Taxation of Junk Food To Curb Obesity

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Junk food is used to describe food items and drinks that are low in important nutrients (protein, fiber, vitamins) and contain high amounts of calories from saturated fat, added sugars and added salts. While the definition of junk food can vary from person to person, everyone can agree that it is not the healthiest category of food. A diet consisting of a high proportion of junk food is linked with obesity and other health issues like diabetes and heart disease.

Obesity is the most prevalent of these conditions and is garnering attention due to rapid rate at which it is increasing around the world. The World Health Organization (WHO) defines obesity as ‘abnormal or excessive fat accumulation that may impair health’. The WHO also says that the worldwide prevalence of obesity has tripled between 1975 and 2016, with 13% of the world’s adult population being obese in 2016. These increases have been attributed to a greater intake of energy dense foods and decreased physical activity.

Since junk food accounts for a large amount of energy dense foods, a link between junk food and increasing obesity can be established. So how can we reduce consumption of junk food and therefore curb rising levels of obesity? Taxation is one of the methods proposed by doctors, health experts and politicians worldwide. They believe that placing an indirect tax on junk food items, much like the taxes placed on demerit goods, will reduce the consumption of junk food. This essay will explore the viability and effectiveness of a junk food tax in relation to the obesity crisis.

The first perspective we will consider supports the idea that indirect taxation is the best method of reducing levels of obesity. The article “A tax on junk food is the best way to fight the childhood obesity crisis”, by Colin Michie, advocates this perspective. Michie is the chairman of the Royal College of Paediatrics and Child Health’s Nutrition Committee in the United Kingdom. His expertise in the fields of healthcare and medicine lends great credibility to his article, making it a valid and relevant source.

Michie’s article focuses on the rapid growth of obesity in the UK, especially among children. He cites falling prices of junk food items relative to healthier alternatives as the primary reason for increased consumption of junk food and greater levels of obesity. The author highlights the effectiveness of an indirect tax using the example of tobacco, stating that household consumption of tobacco in the UK fell when prices of tobacco rose and made it less affordable. The WHO seems to have a similar outlook, claiming that ‘tobacco tax increases are the single most effective policy to reduce tobacco use’. The author argues that a junk food tax will be effective because junk food items, like cigarettes, are demerit goods.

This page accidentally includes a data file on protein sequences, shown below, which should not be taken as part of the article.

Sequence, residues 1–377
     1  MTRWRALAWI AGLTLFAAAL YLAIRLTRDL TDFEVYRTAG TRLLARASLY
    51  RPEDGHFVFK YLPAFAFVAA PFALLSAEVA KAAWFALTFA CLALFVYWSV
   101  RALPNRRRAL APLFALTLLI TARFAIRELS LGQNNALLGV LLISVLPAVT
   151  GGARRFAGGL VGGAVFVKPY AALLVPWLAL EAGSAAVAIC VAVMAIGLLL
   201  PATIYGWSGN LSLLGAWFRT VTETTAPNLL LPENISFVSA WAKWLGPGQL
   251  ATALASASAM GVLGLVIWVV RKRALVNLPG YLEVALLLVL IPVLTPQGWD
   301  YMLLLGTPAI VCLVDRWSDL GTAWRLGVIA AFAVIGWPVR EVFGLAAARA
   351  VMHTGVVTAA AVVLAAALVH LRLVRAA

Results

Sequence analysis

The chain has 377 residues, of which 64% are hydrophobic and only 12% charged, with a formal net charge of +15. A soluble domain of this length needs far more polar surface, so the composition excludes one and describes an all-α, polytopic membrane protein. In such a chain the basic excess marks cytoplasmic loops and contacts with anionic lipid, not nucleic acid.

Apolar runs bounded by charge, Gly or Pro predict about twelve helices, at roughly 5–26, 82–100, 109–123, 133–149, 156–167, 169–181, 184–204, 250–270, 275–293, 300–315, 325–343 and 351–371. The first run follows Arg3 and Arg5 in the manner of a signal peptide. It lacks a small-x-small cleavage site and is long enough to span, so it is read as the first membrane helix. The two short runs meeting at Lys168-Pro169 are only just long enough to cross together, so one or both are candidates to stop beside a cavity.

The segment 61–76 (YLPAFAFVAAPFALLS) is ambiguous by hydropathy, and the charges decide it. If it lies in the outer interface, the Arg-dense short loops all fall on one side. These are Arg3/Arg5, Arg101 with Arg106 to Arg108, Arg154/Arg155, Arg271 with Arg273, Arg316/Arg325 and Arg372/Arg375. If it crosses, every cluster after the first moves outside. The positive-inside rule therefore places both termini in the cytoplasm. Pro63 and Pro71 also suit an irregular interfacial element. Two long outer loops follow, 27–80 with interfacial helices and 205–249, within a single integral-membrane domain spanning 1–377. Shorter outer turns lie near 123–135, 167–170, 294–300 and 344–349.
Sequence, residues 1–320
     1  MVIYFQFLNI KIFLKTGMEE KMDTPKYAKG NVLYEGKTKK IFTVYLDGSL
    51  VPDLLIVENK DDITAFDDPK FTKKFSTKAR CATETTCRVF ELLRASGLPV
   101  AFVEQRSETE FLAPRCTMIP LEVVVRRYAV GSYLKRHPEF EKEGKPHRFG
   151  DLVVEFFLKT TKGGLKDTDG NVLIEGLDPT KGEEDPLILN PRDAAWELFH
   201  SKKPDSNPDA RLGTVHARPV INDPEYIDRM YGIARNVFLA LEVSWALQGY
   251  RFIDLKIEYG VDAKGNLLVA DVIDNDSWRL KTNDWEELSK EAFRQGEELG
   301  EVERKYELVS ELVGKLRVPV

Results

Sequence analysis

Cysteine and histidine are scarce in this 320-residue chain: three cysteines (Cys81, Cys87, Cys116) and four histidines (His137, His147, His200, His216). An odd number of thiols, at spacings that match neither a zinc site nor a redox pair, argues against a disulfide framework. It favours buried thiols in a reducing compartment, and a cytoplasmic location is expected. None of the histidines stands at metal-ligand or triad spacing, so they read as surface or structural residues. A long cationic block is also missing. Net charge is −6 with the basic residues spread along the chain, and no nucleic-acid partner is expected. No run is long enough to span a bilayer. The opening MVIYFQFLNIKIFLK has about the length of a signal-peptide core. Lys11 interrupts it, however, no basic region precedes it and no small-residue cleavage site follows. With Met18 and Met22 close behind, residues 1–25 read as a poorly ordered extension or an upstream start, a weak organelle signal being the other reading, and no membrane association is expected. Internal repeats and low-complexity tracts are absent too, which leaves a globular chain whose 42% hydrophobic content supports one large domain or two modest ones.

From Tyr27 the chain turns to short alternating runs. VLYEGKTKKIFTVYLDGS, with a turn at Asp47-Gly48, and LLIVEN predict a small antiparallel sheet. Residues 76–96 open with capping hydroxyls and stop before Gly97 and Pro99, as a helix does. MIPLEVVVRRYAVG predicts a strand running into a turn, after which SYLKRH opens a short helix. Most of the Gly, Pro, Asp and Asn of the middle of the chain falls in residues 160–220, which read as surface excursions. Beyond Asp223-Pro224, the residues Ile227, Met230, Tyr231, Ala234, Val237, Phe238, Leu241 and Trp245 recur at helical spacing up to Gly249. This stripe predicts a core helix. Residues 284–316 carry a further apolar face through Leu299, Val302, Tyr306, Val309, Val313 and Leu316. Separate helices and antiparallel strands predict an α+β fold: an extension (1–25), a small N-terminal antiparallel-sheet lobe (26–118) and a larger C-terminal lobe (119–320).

One of the strengths of Michie’s article is his use of statistics to capture the reader’s attention as well as support his argument. The article immediately draws the reader in using shocking statistics which underline the severity of the problem by stating that one-third of children aged between 10 and 11 and one-fifth of children between ages 4 and 5 are now overweight or obese. Michie also refers to Hungary’s implementation of a junk food tax, which not only helped lower consumption of unhealthy foods, but was also cost effective in the long term. The use of a real world example strengthens his argument as it highlight the potential effectiveness of such a policy. There are other cases in which countries have successfully used similar policies. According to The Guardian, Mexico’s sugar tax reduced sugary-drink purchases in the country by 7.6% in the first two years after its imposition.

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An Australian study published in 2017 also concurs with Michie’s viewpoint. The study’s results showed that a combination of taxes on unhealthy food and subsidies on could avert around 470,000 disability-adjusted life years (one lost year of ‘healthy life’) and save the health sector in Australia up to US$2.3 billion. Additionally, the author identifies the challenges that would come with the imposition of a tax and proposes methods to overcome them. He suggests a method that incentivises producers to promote healthier alternatives and reduce portion sizes rather than a VAT-type tax on individual ingredients which would hit lower income groups the hardest. Michie is also able to acknowledge the limitations of a junk food tax, stating that ‘fiscal measures alone are unlikely to prevent obesity’ and emphasising the need for greater advertising and education to supplement such fiscal policies.

However, Michie’s article does have its weaknesses. Although his statistics support his argument, he does not mention a source for many of them. This makes us question the validity and reliability of evidence used in his article which weakens his arguments. Some statistics are also vague. For example, he claims that tobacco prices rose between 2003 and 2013 before going on to say that household consumption of tobacco fell between 1980 and 2013. He tries to establish a link between trends from two different time periods which makes the statistics questionable. Furthermore, Michie focuses solely on obesity in the United Kingdom and fails to take into account the global nature of the issue. His narrow outlook prevents him from acknowledging the repercussions of a junk food tax in developing countries around the world and makes his article slightly less relevant to the global debate around obesity.